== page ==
New! View global litigation for patent families

WO2013020129A2 - Microcellular foam molding of aircraft interior components - Google Patents

Microcellular foam molding of aircraft interior components

Info

Publication number
WO2013020129A2
WO2013020129A2 PCT/US2012/049727 US2012049727W WO2013020129A2 WO 2013020129 A2 WO2013020129 A2 WO 2013020129A2 US 2012049727 W US2012049727 W US 2012049727W WO 2013020129 A2 WO2013020129 A2 WO 2013020129A2
Authority
WO
Grant status
Application
Patent type
Prior art keywords
part
interior
thermoplastic
component
requirements
Prior art date
Application number
PCT/US2012/049727
Other languages
French (fr)
Other versions
WO2013020129A3 (en )
Inventor
Sydney Robert STAPLETON
Michael D. HAMM
James David SKLENKA
Original Assignee
Vaupell Holdings, Inc.
Priority date (The priority date is an assumption and is not a legal conclusion. Google has not performed a legal analysis and makes no representation as to the accuracy of the date listed.)
Filing date
Publication date

Links

Classifications

    • BPERFORMING OPERATIONS; TRANSPORTING
    • B29WORKING OF PLASTICS; WORKING OF SUBSTANCES IN A PLASTIC STATE, IN GENERAL
    • B29CSHAPING OR JOINING OF PLASTICS; SHAPING OF MATERIAL IN A PLASTIC STATE, NOT OTHERWISE PROVIDED FOR; AFTER-TREATMENT OF THE SHAPED PRODUCTS, e.g. REPAIRING
    • B29C44/00Shaping by internal pressure generated in the material, e.g. swelling, foaming ; Producing porous or cellular expanded plastics articles
    • BPERFORMING OPERATIONS; TRANSPORTING
    • B29WORKING OF PLASTICS; WORKING OF SUBSTANCES IN A PLASTIC STATE, IN GENERAL
    • B29CSHAPING OR JOINING OF PLASTICS; SHAPING OF MATERIAL IN A PLASTIC STATE, NOT OTHERWISE PROVIDED FOR; AFTER-TREATMENT OF THE SHAPED PRODUCTS, e.g. REPAIRING
    • B29C44/00Shaping by internal pressure generated in the material, e.g. swelling, foaming ; Producing porous or cellular expanded plastics articles
    • B29C44/34Auxiliary operations
    • B29C44/36Feeding the material to be shaped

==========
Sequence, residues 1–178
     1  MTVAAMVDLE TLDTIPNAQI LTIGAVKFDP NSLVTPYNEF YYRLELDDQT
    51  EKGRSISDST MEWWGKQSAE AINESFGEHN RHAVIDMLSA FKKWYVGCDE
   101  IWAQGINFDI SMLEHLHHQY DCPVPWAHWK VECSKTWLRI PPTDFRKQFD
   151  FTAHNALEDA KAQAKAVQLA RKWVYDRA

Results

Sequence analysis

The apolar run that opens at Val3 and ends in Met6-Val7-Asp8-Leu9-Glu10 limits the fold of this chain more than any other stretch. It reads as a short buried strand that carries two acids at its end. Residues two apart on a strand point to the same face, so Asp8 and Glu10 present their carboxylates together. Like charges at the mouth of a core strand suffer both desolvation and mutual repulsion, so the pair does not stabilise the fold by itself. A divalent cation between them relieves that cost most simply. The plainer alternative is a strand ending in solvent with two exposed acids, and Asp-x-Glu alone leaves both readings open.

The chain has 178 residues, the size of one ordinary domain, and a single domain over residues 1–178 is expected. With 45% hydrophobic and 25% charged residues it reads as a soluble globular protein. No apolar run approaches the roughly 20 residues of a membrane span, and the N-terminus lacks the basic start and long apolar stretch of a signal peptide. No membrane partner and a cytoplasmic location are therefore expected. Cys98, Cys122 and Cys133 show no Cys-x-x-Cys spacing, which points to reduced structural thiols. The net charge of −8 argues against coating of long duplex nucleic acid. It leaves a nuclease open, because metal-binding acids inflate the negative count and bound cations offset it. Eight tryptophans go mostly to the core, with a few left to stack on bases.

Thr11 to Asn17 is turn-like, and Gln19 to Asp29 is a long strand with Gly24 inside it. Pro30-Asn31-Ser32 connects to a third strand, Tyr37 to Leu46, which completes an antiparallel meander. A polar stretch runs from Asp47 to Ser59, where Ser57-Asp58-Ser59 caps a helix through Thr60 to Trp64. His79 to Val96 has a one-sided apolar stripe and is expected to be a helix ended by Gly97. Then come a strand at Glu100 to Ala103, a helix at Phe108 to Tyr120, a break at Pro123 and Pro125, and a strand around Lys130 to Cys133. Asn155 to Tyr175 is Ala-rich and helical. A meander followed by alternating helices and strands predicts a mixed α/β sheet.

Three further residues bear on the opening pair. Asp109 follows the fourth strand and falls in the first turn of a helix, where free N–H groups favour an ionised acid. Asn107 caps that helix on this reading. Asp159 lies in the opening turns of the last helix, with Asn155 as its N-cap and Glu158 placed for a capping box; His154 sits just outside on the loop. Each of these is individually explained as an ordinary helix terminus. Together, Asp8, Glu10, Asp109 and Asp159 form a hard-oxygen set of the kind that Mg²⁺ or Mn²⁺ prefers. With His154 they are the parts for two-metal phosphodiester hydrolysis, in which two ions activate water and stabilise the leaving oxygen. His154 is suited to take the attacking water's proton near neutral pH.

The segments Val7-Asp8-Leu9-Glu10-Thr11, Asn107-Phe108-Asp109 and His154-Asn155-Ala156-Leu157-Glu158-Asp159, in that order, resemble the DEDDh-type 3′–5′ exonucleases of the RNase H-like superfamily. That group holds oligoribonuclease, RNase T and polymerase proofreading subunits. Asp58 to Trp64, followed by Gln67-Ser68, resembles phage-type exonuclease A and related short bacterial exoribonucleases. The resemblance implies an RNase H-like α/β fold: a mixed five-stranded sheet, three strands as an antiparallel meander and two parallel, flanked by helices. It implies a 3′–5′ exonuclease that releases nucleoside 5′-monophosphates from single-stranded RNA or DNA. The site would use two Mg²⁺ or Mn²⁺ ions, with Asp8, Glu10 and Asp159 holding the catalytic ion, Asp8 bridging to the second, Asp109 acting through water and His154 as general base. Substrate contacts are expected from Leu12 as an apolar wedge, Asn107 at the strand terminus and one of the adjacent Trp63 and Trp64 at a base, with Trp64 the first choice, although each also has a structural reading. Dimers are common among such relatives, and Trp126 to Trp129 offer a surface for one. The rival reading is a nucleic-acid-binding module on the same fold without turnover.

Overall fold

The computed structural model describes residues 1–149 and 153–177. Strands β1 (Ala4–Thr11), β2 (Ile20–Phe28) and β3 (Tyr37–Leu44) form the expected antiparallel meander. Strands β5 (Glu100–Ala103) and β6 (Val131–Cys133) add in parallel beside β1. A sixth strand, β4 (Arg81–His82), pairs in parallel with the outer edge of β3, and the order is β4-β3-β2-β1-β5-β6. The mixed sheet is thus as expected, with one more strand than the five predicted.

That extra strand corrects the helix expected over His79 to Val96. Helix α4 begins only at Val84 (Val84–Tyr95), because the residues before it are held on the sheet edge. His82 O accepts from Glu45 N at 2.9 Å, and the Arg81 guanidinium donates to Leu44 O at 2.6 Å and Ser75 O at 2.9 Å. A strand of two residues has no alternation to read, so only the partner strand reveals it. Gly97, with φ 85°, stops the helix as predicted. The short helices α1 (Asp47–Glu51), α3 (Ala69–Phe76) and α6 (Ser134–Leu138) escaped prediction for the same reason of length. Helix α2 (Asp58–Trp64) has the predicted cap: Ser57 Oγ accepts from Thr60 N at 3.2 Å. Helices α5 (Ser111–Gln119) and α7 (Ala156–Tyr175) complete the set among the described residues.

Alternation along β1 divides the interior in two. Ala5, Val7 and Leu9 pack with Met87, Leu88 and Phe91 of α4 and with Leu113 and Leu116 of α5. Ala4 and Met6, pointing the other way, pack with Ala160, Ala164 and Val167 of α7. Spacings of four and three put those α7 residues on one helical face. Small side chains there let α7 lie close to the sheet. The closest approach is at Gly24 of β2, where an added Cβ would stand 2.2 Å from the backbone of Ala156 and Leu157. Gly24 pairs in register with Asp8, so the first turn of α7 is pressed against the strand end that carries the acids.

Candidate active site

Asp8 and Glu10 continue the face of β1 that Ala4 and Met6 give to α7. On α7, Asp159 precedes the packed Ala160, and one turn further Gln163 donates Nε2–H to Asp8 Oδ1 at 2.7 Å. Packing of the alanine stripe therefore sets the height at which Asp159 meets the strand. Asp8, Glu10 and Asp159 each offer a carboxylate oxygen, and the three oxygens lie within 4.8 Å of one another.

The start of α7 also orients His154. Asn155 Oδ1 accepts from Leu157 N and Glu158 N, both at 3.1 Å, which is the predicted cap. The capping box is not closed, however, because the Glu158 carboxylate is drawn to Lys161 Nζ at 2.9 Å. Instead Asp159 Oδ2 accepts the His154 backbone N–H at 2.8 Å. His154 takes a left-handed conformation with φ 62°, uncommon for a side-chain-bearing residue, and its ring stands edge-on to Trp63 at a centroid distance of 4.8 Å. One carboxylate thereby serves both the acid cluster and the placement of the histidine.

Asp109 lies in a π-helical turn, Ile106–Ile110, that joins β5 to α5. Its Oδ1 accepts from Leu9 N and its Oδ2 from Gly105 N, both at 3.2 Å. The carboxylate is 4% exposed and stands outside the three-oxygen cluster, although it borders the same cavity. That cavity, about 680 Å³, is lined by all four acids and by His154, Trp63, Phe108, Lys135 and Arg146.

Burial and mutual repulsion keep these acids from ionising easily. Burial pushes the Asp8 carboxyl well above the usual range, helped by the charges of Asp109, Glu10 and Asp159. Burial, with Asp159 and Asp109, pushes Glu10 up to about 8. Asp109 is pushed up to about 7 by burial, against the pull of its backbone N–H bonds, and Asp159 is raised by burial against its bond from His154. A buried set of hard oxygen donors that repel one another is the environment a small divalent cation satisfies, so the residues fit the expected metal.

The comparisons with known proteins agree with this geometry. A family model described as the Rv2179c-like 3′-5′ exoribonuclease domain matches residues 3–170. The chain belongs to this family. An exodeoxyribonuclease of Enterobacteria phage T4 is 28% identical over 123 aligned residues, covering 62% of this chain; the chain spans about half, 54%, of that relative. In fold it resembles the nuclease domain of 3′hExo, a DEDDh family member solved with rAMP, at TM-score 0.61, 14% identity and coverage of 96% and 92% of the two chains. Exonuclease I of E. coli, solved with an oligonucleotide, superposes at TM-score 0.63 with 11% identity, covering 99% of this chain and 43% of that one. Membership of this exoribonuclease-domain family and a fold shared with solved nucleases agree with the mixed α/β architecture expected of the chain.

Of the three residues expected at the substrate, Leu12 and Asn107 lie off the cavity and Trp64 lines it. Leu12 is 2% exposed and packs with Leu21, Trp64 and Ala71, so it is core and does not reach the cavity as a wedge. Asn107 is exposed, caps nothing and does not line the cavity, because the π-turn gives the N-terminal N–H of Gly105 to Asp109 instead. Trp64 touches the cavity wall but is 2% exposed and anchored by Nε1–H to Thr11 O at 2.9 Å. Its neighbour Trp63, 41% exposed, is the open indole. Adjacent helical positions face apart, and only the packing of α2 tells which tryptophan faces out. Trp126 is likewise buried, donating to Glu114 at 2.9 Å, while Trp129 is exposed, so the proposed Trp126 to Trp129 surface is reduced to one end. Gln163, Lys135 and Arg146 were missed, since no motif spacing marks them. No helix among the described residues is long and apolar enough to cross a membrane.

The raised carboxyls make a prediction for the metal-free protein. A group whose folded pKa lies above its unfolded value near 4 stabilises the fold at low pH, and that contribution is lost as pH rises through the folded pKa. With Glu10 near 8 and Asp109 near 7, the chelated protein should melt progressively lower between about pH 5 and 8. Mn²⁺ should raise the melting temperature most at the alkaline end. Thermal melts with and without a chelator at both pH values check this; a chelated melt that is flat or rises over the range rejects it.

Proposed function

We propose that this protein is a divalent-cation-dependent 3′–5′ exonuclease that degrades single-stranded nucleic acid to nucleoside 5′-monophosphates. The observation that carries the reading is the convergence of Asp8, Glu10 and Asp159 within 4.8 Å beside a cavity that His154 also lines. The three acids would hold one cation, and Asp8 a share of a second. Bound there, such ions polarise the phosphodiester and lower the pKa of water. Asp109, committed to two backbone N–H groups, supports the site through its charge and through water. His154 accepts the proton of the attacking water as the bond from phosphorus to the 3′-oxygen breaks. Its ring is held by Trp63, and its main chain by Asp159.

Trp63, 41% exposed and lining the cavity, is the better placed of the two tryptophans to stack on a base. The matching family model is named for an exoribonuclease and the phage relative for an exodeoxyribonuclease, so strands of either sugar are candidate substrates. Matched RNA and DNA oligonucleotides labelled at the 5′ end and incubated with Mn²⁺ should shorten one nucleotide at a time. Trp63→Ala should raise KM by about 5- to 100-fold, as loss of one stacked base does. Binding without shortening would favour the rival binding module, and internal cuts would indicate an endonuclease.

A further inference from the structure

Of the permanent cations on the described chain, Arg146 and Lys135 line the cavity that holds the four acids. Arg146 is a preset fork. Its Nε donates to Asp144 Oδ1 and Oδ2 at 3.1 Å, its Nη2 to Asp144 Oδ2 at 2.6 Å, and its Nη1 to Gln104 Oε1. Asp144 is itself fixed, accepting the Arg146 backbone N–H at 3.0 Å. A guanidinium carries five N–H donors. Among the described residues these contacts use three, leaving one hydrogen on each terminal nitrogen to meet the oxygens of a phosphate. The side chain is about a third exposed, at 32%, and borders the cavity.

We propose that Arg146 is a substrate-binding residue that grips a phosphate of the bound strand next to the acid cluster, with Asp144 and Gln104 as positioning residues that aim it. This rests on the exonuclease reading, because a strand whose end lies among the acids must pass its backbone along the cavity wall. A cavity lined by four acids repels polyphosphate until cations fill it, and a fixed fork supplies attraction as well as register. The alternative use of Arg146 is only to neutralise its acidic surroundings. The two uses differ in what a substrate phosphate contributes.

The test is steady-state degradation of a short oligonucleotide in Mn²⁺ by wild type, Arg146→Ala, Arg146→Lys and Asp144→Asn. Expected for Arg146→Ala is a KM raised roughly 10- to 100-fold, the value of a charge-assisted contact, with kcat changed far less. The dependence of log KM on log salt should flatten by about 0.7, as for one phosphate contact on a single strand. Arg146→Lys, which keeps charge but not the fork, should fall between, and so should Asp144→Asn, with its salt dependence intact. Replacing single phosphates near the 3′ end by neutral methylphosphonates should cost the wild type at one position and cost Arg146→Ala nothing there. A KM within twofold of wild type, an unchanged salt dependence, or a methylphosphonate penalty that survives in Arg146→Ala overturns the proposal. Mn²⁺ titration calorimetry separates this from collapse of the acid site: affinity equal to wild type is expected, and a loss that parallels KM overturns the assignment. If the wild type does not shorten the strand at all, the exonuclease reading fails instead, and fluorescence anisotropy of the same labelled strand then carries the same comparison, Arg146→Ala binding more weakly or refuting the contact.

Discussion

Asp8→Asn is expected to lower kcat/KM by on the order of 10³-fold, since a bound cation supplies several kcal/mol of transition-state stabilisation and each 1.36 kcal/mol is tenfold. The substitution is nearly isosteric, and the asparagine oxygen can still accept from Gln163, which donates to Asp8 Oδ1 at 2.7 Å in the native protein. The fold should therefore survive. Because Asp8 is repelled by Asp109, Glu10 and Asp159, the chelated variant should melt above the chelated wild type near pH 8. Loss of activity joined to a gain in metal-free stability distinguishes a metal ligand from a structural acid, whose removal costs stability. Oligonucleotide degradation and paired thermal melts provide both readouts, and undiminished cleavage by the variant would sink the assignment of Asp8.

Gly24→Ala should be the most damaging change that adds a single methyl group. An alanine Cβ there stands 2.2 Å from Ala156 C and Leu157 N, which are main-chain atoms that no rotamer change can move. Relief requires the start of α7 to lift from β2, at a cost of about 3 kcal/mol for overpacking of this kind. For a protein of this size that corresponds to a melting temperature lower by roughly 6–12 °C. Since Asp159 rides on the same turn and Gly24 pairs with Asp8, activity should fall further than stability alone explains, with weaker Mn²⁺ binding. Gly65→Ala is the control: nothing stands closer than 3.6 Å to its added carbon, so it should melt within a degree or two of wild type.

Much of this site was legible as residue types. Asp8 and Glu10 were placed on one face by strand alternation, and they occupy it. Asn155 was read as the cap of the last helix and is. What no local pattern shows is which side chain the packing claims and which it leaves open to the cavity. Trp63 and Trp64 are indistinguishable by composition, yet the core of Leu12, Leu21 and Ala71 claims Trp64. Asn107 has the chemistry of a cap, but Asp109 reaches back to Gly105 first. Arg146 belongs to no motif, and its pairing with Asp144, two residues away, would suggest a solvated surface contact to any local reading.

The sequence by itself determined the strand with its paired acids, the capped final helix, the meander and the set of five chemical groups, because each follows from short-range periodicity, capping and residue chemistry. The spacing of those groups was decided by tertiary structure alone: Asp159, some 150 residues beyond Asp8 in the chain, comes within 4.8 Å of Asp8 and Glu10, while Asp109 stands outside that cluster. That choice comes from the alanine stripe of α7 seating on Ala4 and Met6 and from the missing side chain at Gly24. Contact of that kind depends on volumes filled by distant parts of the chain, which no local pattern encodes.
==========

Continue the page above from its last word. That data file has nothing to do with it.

• B29C44/38Feeding the material to be shaped into a closed space, i.e. to make articles of definite length
    • B29C44/42Feeding the material to be shaped into a closed space, i.e. to make articles of definite length using pressure difference, e.g. by injection, by vacuum
    • BPERFORMING OPERATIONS; TRANSPORTING
    • B29WORKING OF PLASTICS; WORKING OF SUBSTANCES IN A PLASTIC STATE, IN GENERAL
    • B29KINDEXING SCHEME ASSOCIATED WITH SUBCLASSES B29B, B29C OR B29D, RELATING TO MOULDING MATERIALS
    • B29K2071/00Use of polyethers, e.g. PEEK, i.e. polyether-etherketone or PEK, i.e. polyetherketone or derivatives thereof as moulding material
    • BPERFORMING OPERATIONS; TRANSPORTING
    • B29WORKING OF PLASTICS; WORKING OF SUBSTANCES IN A PLASTIC STATE, IN GENERAL
    • B29KINDEXING SCHEME ASSOCIATED WITH SUBCLASSES B29B, B29C OR B29D, RELATING TO MOULDING MATERIALS
    • B29K2105/00Condition, form or state of moulded material or of the material to be shaped
    • B29K2105/04Condition, form or state of moulded material or of the material to be shaped cellular or porous
    • B29K2105/041Microporous
    • BPERFORMING OPERATIONS; TRANSPORTING
    • B29WORKING OF PLASTICS; WORKING OF SUBSTANCES IN A PLASTIC STATE, IN GENERAL
    • B29KINDEXING SCHEME ASSOCIATED WITH SUBCLASSES B29B, B29C OR B29D, RELATING TO MOULDING MATERIALS
    • B29K2995/00Properties of moulding materials, reinforcements, fillers, preformed parts or moulds
    • B29K2995/0012Properties of moulding materials, reinforcements, fillers, preformed parts or moulds having particular thermal properties
    • B29K2995/0016Non-inflammable, resistant to heat
    • BPERFORMING OPERATIONS; TRANSPORTING
    • B29WORKING OF PLASTICS; WORKING OF SUBSTANCES IN A PLASTIC STATE, IN GENERAL
    • B29LINDEXING SCHEME ASSOCIATED WITH SUBCLASS B29C, RELATING TO PARTICULAR ARTICLES
    • B29L2031/00Other particular articles
    • B29L2031/30Vehicles, e.g. ships or aircraft, or body parts thereof
    • B29L2031/3076Aircrafts
    • BPERFORMING OPERATIONS; TRANSPORTING
    • B64AIRCRAFT; AVIATION; COSMONAUTICS
    • B64DEQUIPMENT FOR FITTING IN OR TO AIRCRAFT; FLYING SUITS; PARACHUTES; ARRANGEMENTS OR MOUNTING OF POWER PLANTS OR PROPULSION TRANSMISSIONS IN AIRCRAFT
    • B64D11/00Passenger or crew accommodation; Flight-deck installations not otherwise provided for

Abstract

An article comprising: a monolithic, single layer, rigid thermoplastic interior component for an aircraft, wherein the thermoplastic interior component has a microcellular foam structure, wherein the thermoplastic interior component has an average two minute heat release of less than or equal to 65 kw-min/m2 when tested in accordance with the requirements of FAR 25.853 (d), Appendix F, Part IV through Amendment 25-116; and wherein the thermoplastic interior component has an average peak heat release of less than or equal to 65 kw/m2 when tested in accordance with the requirements of FAR 25.853 (d), Appendix F, Part IV through Amendment 25-116.

Description

MLCROCELLULAR FOAM MOLDING OF

AIRCRAFT INTERIOR COMPONENTS